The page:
Archive for the Category Misc.

 
 

The economy is doing fine (as it was 16 months ago)

Lars Christensen is now doing videos at Patreon.  Check it out.

Also check out my new post at Econlog, where I express skepticism about whether Japan is a “safe haven”.

So how’s the economy doing over the past 16 months?  Here’s RGDP growth:

Screen Shot 2018-05-12 at 11.38.06 AMThat’s better a bit better than before.

Here’s employment growth (annual % change):

Screen Shot 2018-05-12 at 11.39.06 AMThat’s a bit worse than before.  Yet the unemployment rate is falling, as it has been for 8 1/2 years.

Here are real wages (deflated by the PCE):

Screen Shot 2018-05-12 at 11.36.30 AMStill rising modestly, as before.

Here is the trade deficit:

Screen Shot 2018-05-12 at 11.40.46 AM

Worse than before, as expected.

Here’s the stock market:

Screen Shot 2018-05-12 at 11.48.27 AM

The bull market continues.

Conclusion.  We are still in the Obama economy, with the possible exception of RGDP growth, which seems a bit stronger.  Otherwise things are about the same.

Prediction:  RGDP growth will stay around 3% for a couple more quarters (reflecting the corporate tax cuts and Fed easing), and then fall back below 2%.

Odds and ends

I have a short piece over at CapX, where I make the case for NGDP targeting.  (You can think of it as complementing my recent longer piece on the subject.)  Here’s how I conclude:

Economists are beginning to understand that NGDP is the variable we should actually be concerned about. Instead of worrying about what might happen to inflation under NGDP targeting, we should consider what happens to NGDP if we insist on targeting inflation.

I leave for Japan tomorrow, so I won’t do much blogging in April.  And most of what I do write will be over at Econlog.  Here are a few interesting pieces I recently came across, starting with an analysis of the new GOP budget:

It fully funds Planned Parenthood. It increases outlays for Pell Grants and Head Start, and boosts funding for the Department of Labor and the Department of Education not only above the requests Trump had made, but above the levels in Obama’s last budget. It fails to deregulate the private health insurance market or to reform federal permitting rules on construction projects. Not a single agency was eliminated, though Trump’s original budget proposal had called for 18 to be scrapped. It makes no changes to entitlement programs, and oh, here’s something interesting, it actually forbids construction of a border wall in the Santa Ana National Wildlife Refuge in the Rio Grande Valley — the very place Trump supposedly wanted to begin construction.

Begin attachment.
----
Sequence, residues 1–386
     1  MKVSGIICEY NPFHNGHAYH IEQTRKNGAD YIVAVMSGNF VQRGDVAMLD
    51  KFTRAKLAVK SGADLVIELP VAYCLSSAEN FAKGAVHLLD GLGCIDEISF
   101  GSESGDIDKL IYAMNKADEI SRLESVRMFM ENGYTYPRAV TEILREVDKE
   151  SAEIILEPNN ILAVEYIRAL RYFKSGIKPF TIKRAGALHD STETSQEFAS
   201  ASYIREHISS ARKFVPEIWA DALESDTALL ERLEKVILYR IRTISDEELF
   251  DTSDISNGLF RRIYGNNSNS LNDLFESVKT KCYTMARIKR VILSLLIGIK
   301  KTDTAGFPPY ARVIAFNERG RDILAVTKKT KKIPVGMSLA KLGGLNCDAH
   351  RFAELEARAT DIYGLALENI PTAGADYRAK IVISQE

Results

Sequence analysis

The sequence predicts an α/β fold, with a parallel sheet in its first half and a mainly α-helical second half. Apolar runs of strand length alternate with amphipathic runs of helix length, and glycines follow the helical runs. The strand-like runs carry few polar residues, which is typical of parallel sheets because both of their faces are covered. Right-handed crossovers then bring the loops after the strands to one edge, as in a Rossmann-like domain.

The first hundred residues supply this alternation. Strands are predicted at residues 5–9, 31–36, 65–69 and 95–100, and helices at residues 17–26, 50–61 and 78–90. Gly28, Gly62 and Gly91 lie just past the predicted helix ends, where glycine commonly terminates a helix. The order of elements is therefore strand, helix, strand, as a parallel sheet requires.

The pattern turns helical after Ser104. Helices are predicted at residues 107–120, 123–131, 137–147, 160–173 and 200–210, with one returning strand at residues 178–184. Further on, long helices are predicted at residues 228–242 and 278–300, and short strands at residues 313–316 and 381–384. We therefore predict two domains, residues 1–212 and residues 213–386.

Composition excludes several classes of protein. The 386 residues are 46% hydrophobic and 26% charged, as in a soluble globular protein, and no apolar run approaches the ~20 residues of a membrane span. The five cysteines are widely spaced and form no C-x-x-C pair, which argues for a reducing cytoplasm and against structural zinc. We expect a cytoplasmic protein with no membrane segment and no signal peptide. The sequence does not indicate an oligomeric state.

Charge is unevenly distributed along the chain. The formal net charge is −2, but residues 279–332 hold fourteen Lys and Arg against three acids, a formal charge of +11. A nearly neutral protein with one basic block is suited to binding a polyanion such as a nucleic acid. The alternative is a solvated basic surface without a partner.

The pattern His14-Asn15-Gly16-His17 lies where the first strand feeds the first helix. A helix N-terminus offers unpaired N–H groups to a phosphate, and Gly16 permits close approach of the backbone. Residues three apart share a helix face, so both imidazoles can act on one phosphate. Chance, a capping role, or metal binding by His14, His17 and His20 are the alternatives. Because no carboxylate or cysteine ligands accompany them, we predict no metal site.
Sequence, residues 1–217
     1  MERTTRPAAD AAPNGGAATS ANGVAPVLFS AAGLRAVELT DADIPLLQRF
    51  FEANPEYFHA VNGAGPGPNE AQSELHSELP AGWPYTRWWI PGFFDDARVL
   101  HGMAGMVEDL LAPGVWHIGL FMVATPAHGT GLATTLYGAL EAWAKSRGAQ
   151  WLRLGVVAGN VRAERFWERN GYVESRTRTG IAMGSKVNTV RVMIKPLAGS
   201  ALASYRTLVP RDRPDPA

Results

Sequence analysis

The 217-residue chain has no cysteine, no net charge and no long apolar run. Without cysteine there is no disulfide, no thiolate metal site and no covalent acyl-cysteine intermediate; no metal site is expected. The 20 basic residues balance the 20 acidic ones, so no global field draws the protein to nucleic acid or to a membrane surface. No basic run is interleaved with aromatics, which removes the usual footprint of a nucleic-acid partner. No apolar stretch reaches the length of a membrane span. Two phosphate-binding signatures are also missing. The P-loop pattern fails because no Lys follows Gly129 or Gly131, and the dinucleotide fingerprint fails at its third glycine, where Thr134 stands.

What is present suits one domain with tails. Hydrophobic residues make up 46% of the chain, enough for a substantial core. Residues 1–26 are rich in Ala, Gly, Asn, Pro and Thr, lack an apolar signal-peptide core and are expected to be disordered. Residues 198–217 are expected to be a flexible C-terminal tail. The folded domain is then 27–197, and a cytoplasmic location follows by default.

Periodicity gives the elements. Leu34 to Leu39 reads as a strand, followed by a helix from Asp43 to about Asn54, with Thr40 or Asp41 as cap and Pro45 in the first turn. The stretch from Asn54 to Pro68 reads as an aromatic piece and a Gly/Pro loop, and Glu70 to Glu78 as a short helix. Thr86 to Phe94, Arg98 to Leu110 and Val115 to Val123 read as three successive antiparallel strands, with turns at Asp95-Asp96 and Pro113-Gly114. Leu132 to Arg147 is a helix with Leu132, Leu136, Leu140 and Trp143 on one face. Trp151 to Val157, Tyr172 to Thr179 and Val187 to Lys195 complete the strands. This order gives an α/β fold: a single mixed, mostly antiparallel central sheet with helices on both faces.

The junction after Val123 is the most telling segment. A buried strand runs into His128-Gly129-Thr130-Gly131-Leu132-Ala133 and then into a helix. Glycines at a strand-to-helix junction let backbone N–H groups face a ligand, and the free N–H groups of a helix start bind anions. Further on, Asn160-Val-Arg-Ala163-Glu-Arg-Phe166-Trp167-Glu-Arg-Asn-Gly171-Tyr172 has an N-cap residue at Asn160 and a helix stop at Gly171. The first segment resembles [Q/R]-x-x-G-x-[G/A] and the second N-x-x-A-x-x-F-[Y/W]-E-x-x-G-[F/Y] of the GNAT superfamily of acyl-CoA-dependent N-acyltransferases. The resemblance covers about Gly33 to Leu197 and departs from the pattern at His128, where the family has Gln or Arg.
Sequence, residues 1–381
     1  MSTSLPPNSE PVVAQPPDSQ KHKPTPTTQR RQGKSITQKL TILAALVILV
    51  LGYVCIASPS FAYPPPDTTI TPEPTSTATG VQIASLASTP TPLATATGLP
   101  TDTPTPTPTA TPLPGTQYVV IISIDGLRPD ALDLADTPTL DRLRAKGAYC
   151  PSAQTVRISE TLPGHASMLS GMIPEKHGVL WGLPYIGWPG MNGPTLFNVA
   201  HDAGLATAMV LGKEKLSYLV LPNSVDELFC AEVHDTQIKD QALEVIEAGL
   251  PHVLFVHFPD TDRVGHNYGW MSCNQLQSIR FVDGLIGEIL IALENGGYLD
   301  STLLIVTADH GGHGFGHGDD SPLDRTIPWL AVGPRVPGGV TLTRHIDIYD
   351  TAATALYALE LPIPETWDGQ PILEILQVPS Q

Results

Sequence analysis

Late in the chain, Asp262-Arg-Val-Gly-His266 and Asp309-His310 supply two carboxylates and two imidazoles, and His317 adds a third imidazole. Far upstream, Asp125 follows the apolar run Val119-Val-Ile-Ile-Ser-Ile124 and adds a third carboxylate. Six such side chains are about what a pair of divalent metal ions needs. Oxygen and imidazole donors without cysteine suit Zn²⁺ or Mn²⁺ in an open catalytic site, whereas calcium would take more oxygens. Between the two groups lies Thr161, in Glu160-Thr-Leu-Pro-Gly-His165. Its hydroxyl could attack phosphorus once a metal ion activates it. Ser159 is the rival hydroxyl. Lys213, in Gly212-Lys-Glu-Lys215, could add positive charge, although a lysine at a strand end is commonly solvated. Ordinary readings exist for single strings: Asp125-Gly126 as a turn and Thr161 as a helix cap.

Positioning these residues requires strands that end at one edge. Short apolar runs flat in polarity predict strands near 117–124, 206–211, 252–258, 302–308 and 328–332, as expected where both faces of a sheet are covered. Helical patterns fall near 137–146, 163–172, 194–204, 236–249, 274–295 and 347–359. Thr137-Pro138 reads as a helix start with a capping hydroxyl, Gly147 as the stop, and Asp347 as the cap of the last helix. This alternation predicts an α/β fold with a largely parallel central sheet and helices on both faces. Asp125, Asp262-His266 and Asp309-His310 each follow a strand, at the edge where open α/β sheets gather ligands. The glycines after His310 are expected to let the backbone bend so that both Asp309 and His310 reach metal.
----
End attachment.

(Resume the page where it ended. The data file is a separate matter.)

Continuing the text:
This article suggests that refugees are good for America:

This year’s refugee quota, 45,000, is the lowest in three decades, and is not expected to be met. Mr Trump also excluded a lot of wretched people from it, by temporarily placing additional restrictions on anyone from a secret list of 11 countries, which is said to include South Sudan, as well as Syria and Iraq. A low-cost nativist signal to his supporters, these are the biggest changes Mr Trump has made to America’s immigration regime. They are also counter-productive, as well as cruel, a typical case of nativists mistaking American strengths for weakness.

The argument against refugees, which Republican governors in Texas and Michigan were making even before Mr Trump’s election, is that they are a financial burden and security threat. Both charges are unfounded. For though it is true that refugees represent a bigger upfront cost than other migrants—America spends between $10,000 and $20,000 resettling each one—they repay that in spades. A decade after their arrival, the average income of a refugee family is close to the American average. Mr Makender has paid over $100,000 in taxes. Americans can also relax about their odds of being killed by a refugee. None of the 3m-odd fugitives America has taken since 1980 has been involved in a fatal terrorist attack. That reflects the rigour of America’s vetting, refugees’ hunger for advancement—and America’s ability to feed it.

This article on teenagers in Russia (called “Puteens”) makes me more optimistic:

The internet unites the human race

This heightened sense of the world beyond their borders seems to make the Puteens more receptive towards it. The dynamic of constant confrontation with the West holds less appeal for them. Russia’s youngest adult cohort is more likely to have positive views of America and the European Union, and less likely to believe that Russia has enemies. (Their peers in the West also view Russia more favourably than older generations do.) They trust information from friends and relatives, and increasingly eschew the aggressive state-controlled news on television. Over 70% of 18- to 24-year-olds get their news online, compared with just 9% of those over 55; more than 90% of over-40s still rely on television. “They try to convince us that Americans all hate us; that Americans think Russia is a place full of evil people, bears on the streets and vodka,” says Lera Zinchenko, an aspiring actress from the Moscow suburbs. “I don’t think they hate us. I follow a few people on Instagram who travel all over the world, and there’s one girl who was in America and said people were super nice to her.”